FAQ

Paintball – Frequently Asked Questions

We hope this FAQ answers all your questions. Just in case it doesn’t please feel free to call or email us with your questions and we’ll be happy to help you in any way we can. Thank you for visiting PaintballWars.com

    1. What is paintball?
    2. Is it safe?
    3. Doesn’t it hurt when you get shot?
    4. Do I have to be on a team?
    5. How can I play?
    6. How much does it cost to play?
    7. What do I need to bring?
    8. What safety equipment do I need?
    9. How can I play safe?
    10. Do I need to be physically fit to play?
    11. Can I get the paint out of my clothes?
    12. How can I find out more about paintball?
    13. List of commonly used terms in paintball

1. What is paintball? 

It’s a sport in which a bunch of adults (loosely defined) go out in the woods and relive our childhood by playing capture the flag. Only, in this game each player has a gun that fires gelatin capsules filled with a water-soluble marking dye. If you’re shot and marked, you’re out of the game and have to wait until the next one starts. The most common variation is two teams at opposite ends of a 5+ acre section of terrain, each with a flag hung at ‘home base.’ The object is to go get the other team’s flag and bring it back to your base. When you encounter people on the other team, you try to tag them out before they get you. Pretty simple and lots of fun.

2. Is it safe? 

Like all action sports (football, basket ball, etc.) paintball is very dangerous unless adequate protection is worn and safety rules understood and followed.
Most paintball guns shoot a 68 caliber paint pellet. The pellet is a thin plastic shell filled with a water soluble paint. Guns shoot the pellets at a speed of 200 to 300 feet per second. Since the paint pellets are fairly light (only weighing a few
grams each), they have little momentum while in flight, and thus are not lethal like the heavy lead projectiles fired from conventional firearms.

In addition to using a non-lethal projectile, paintball players *always* wear protective goggles to protect their eyes and usually wear masks covering the rest of their face as well.

Safety is highly stressed at Paintball Wars. We require goggles be worn at all times unless in designated areas. We also require that barrel sleeves (sleeves that prevent projectiles from leaving your gun’s barrel) be used while players are in certain areas. Ignoring safety is a good way to get yourself ejected from Paintball Wars.

3. Doesn’t it hurt when you get shot? 

The paint pellets break open upon impact, and generally cause very little pain. What pain is experienced is more of a stinging sensation from the pellet’s impact against the skin or through clothing. In my experience, the stinging pain goes away after a few seconds. Of course, the closer you are to the muzzle of the gun, the higher the velocity of the pellet when it hits you. Thus, more pain may be experienced when shot at close range rather than farther away.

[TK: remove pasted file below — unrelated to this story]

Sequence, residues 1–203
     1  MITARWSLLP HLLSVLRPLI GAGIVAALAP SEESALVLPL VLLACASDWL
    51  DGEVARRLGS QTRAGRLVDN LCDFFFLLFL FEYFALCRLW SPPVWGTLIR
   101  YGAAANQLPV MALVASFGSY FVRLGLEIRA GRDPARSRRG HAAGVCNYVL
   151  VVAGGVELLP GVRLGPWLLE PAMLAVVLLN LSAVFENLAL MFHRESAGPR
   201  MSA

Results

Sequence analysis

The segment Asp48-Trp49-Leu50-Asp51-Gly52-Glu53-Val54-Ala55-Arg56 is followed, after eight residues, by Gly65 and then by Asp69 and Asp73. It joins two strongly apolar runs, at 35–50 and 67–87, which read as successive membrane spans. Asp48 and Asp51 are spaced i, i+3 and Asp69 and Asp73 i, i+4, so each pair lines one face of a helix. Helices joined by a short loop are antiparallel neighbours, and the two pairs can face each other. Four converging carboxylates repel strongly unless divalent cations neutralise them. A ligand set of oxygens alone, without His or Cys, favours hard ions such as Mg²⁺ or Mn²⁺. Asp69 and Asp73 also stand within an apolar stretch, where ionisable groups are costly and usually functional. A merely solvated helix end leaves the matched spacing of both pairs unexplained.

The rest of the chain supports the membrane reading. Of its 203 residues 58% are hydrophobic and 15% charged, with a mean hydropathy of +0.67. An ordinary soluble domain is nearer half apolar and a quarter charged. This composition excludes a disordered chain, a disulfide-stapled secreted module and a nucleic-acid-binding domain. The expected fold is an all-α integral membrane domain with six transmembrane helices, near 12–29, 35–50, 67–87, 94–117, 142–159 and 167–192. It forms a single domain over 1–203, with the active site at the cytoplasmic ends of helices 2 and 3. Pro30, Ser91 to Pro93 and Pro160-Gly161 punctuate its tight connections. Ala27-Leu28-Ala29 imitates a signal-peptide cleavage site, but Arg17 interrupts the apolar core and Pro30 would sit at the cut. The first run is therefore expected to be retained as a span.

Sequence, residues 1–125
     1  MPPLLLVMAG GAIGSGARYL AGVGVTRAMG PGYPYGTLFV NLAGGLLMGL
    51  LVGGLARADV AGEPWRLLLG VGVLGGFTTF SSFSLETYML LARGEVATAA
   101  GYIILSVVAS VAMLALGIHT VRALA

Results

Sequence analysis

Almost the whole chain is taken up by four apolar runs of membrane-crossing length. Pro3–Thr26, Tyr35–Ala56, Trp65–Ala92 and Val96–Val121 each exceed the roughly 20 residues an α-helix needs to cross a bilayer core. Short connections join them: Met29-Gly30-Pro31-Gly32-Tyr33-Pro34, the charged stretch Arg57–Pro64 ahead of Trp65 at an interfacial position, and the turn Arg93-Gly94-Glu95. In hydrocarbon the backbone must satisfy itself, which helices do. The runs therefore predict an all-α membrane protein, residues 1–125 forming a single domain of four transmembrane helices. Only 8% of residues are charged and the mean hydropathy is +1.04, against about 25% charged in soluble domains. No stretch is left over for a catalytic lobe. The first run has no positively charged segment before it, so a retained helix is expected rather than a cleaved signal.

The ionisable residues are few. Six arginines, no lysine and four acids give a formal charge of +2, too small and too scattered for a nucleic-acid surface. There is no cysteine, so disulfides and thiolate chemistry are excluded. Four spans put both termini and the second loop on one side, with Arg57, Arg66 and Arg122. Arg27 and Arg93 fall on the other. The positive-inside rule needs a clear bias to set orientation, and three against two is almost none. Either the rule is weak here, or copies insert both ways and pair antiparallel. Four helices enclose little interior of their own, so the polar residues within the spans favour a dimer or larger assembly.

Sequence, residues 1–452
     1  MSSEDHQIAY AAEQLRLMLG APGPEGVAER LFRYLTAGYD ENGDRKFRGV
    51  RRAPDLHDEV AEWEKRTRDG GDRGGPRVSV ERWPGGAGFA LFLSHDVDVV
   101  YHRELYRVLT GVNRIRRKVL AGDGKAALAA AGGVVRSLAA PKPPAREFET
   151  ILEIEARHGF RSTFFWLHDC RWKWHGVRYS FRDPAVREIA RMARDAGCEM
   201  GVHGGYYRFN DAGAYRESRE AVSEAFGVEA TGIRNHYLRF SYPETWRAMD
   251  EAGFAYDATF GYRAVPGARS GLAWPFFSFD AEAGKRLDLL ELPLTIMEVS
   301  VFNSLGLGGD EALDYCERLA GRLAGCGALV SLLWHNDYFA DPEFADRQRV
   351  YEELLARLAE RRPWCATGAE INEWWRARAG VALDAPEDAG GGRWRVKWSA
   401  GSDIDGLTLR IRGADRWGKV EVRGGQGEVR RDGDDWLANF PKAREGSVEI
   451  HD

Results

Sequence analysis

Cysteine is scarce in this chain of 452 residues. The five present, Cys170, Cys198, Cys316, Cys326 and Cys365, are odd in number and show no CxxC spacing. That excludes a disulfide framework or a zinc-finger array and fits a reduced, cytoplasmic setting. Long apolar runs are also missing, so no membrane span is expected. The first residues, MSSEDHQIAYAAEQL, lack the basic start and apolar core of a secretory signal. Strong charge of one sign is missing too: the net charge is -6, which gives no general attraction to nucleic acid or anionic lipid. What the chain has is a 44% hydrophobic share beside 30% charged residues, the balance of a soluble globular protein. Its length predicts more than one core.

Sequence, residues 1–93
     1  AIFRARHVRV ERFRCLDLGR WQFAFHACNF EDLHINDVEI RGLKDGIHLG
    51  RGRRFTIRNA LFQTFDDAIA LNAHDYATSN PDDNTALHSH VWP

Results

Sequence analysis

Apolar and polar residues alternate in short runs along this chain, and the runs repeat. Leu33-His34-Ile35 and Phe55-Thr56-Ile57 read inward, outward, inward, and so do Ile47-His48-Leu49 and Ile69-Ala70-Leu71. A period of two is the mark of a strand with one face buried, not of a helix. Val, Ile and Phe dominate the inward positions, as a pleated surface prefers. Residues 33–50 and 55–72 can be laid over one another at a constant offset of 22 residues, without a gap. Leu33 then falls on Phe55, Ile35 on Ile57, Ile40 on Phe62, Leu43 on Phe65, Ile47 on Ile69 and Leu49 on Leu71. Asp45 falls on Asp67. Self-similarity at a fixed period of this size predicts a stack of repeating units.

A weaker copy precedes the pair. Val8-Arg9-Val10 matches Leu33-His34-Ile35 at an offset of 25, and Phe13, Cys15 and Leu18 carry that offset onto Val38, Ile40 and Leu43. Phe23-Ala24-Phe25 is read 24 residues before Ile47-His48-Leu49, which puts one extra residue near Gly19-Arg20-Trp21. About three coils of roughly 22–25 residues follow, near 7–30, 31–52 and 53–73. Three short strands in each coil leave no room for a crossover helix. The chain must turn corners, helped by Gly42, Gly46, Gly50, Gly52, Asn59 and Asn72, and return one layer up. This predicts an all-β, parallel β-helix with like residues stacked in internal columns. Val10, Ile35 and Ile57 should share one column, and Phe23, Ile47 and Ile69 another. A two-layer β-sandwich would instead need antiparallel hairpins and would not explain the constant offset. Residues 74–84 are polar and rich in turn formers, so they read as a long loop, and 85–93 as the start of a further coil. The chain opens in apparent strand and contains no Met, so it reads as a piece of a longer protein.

In general, one can count on coming off the field with a few welts from paintball impacts, but your most annoying injuries are more likely to be scrapes and bruises from the local terrain.

4. Do I have to be on a team? 

You don’t have to have an organized team or go to an organized field in order to play. If you have some paintball guns, paintball goggles, and a few friends, you can simply get together and shoot at each other.

We offer and allow walk-on games, where anybody can show up and play.

5. How can I play? 

Give us a call to reserve your rental or just visit us at our field.

6 How much does it cost to play? 

The average person on our fields spends $25 to $45 depending on the type of player and the amount of paint they use throughout the day. Please visit Rates.

7. What do I need to bring? 

Bring old, sturdy, dark clothes and shoes or boots with some sort of ankle support and we will provide the rest.

8. What safety equipment do I need? 

The minimum safety equipment necessary is goggles, facemask with ear and throat protection, chest protector, and for men, a protective cup.

9. How can I play safe? Please download our Rules & Special Requirements for more info.

Do not shoot animals or wildlife.

Do not fire your paintgun anywhere except on the field during the game or in the designated chronograph area/shooting range.

Inspect the lens of your goggles for cracks or signs of weakness.

Make sure your mask is well seated and will not come off during the game.

Make sure the velocity of your paintgun is below 280 feet per second.

Always assume the gun is loaded; even if you know otherwise.

Always assume safety devices won’t work.

Unload the gun when not in use.

Upon receiving or retrieving a gun check if it’s loaded.